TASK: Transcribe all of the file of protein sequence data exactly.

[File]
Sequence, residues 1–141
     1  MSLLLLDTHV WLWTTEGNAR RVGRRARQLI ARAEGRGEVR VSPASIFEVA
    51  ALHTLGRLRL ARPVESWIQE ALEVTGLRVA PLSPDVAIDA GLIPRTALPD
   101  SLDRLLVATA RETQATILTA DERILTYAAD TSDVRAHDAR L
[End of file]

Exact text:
Sequence, residues 1–141
     1  MSLLLLDTHV WLWTTEGNAR RVGRRARQLI ARAEGRGEVR VSPASIFEVA
    51  ALHTLGRLRL ARPVESWIQE ALEVTGLRVA PLSPDVAIDA GLIPRTALPD
   101  SLDRLLVATA RETQATILTA DERILTYAAD TSDVRAHDAR L